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Supreme Court Sides With Black Firefighter Candidates in Testing Discrimination Case

The Supreme Court ruled Monday that a group of black applicants did not wait too long to sue the Chicago Fire Department over a hiring test they challenged as discriminatory.

The case involved a test used to weed out firefighter applicants. Anyone who scored 64 or below was deemed not qualified. But the city set a second cutoff score of 89 points. Officials told applicants who scored below 89 but above 64 that although they passed the test, they likely would not be hired because of the large number of people who scored 89 or above. Only 11 percent of those scoring 89 or more were black.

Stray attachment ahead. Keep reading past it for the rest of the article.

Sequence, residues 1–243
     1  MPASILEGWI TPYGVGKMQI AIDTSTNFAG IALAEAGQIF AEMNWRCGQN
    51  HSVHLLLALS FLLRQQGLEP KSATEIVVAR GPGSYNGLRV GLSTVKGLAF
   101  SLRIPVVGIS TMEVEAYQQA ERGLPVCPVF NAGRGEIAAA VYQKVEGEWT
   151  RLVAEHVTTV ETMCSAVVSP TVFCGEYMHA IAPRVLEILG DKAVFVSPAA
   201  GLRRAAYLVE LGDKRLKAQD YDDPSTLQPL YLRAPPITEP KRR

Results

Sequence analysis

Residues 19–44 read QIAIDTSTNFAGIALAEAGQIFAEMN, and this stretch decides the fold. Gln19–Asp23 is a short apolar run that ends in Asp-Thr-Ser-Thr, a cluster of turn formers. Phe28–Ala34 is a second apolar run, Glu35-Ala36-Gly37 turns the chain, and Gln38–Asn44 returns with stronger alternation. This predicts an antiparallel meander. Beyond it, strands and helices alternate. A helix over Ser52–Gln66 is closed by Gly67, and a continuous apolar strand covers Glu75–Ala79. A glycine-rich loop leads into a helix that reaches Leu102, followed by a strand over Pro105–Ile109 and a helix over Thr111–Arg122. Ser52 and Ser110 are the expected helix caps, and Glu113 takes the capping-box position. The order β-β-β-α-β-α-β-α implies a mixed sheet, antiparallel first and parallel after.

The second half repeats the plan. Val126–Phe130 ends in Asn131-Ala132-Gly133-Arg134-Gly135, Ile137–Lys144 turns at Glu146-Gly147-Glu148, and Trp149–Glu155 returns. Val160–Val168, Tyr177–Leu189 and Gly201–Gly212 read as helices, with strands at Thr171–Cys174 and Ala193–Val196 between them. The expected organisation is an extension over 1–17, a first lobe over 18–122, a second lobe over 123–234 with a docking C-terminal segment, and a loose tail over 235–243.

The clock normally starts running on civil rights cases 300 days after the employment action is taken. The first lawsuit was filed on March 31, 1997, 430 days after the test results were announced.

But the plaintiffs contended a new act of discrimination happened each time the city used the scores to hire firefighter trainees between May 1996 and October 2001, when the city stopped using the 89 point cutoff score. The Supreme Court agreed, overturning a 7th Circuit ruling that said the lawsuit was too late.

Read the complete AP story here.

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Mary Swanton

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